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Why Toyota’s final day lacked in significance

By Barry Park, 05 Oct 2017 Industry

Why Toyota’s final day lacked in significance

Toyota’s achievements have been largely ignored in the shadow of Ford and Holden, but why?

THE sun shone on Toyota’s last day as an Australian manufacturer.

Clear and bright, it added just one more reason why the 3000 Altona factory workers, retirees, and a mix of management and staff from the Port Melbourne office should wear their commemorative black caps handed out as they registered for the event.

Toyota’s closure started normally, at 7am for the day shift, with no afternoon shift rostered on for the first time in who knows how long? Little happened until 11am, when those attending were shown a parade of Toyota cars, ranging from the 1963 Toyopet Tiara ute that led the parade, right through to the last Camry off the line – a graphite grey SX.

Included in the mix of Australian-made metal reaching through the ages – matching some more world-weary ones that were parked up just outside the gates in the employees’ car park – were Coronas and Crowns, Corollas and even more Camrys, Avalons and Aurions, as well as cars reaching for the future, including a Lexus LS coupe, and a hydrogen fuel-cell Mirai.

After the parade, everyone shuffled in past the roller doors to the enormous Altona assembly line building, leaving the streets of the complex completely deserted. Inside, Toyota’s global chief, Akio Toyoda, thanked everyone via video link, while current president David Buttner talked up the legacy of the car maker’s five-decade-long run of locally made and assembled models.

Then, just like that, it was over. Workers started streaming out, passing through the security gates carrying their personal belongings in whatever bags they had handy. In the car park, they jumped behind the wheels of Toyota-badged cars that some had bought using generous company discounts extended to workers, for one last trip home from the factory. All the ones we spoke to as they filed out had no idea what would happen next; an extended break seemed to be the most common answer when asked about life after Toyota.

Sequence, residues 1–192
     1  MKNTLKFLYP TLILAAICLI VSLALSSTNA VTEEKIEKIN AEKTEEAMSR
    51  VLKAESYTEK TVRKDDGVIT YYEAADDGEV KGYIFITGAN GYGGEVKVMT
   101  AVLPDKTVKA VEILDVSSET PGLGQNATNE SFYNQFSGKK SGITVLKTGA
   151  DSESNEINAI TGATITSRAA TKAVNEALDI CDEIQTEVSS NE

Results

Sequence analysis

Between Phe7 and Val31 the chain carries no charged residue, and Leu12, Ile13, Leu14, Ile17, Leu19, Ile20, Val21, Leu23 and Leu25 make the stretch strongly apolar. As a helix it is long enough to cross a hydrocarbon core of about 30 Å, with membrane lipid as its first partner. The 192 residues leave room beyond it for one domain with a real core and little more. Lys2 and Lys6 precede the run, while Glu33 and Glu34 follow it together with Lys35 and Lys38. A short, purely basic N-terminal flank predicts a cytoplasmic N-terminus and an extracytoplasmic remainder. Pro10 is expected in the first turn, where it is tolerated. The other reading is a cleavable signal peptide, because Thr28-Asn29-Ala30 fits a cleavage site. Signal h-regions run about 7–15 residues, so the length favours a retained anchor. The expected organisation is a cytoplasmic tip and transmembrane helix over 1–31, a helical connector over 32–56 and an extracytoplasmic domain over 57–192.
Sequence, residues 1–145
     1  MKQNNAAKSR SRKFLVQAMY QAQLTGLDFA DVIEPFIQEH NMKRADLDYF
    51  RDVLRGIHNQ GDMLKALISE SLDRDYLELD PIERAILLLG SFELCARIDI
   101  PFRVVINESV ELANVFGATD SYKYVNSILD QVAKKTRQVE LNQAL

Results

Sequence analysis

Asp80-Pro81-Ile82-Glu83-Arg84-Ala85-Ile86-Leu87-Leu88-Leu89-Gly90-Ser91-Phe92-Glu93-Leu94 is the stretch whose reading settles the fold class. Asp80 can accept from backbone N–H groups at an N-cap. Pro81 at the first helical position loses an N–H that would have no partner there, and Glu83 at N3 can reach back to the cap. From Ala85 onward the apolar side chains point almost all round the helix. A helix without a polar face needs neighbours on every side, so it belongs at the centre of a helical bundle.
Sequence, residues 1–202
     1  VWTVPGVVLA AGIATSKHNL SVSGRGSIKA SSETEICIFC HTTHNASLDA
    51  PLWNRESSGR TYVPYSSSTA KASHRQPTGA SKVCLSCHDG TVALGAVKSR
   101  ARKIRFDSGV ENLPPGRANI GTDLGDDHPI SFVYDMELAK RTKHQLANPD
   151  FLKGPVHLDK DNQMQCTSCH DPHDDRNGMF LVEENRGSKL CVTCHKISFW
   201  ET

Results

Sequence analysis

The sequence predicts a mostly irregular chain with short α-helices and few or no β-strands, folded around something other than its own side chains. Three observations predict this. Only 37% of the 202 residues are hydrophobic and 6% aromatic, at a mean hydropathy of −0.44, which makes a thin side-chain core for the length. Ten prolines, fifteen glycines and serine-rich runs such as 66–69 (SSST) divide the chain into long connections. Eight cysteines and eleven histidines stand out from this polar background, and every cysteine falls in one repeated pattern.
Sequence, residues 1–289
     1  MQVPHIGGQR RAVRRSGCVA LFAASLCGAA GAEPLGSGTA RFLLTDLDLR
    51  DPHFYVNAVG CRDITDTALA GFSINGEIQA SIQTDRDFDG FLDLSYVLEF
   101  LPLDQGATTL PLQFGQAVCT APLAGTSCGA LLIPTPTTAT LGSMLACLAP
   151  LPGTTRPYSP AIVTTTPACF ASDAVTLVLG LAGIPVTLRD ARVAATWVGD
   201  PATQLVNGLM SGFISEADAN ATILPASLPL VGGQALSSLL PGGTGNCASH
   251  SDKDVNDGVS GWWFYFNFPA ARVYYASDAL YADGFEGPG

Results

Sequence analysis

Outside the gates, little fanfare marked Toyota’s departure. A year earlier, at the Ford factory in Broadmeadows, legions of Blue Oval fans congregated with their cars, and their memories, to the place where their pride and joy was born, to help shoulder the burden the workers inside the gates were carrying. Weeks before, a selected Ford faithful had gathered down at Avalon to farewell the Falcon that had served Australia so well. Outside, passing traffic along the busy Sydney Road sounded their horns.

In contrast, the grey marble sign outside Toyota’s factory stood alone, framed only as a backdrop for the small number of media assembled to file yet another report of the demise of a once great, proud Australian industry to the editing suite. Ford’s send-off attracted a media scrum; the best Toyota could manage was the media equivalent of a temperate tea party.

The numbers tell us we should be celebrating Toyota’s departure as fondly as Ford’s. In all, the Japanese brand either bolted together, or made from the ground up, 3,451,115 vehicles. At its peak, Toyota in 2007 rolled out 148,931 cars, 15355 of them in October that year alone. The Camry accounted for 2,168,104 units, while valuable exports were earned off 1,324,991 cars sent almost exclusively to the Middle East. When the house of cars at Ford, and then Holden collapsed, Toyota was reluctantly dragged down with them – let’s not forget that.

In just over two weeks’ time, we do it all again with Holden. Unlike Toyota, this one is definitely going to tug at the heartstrings.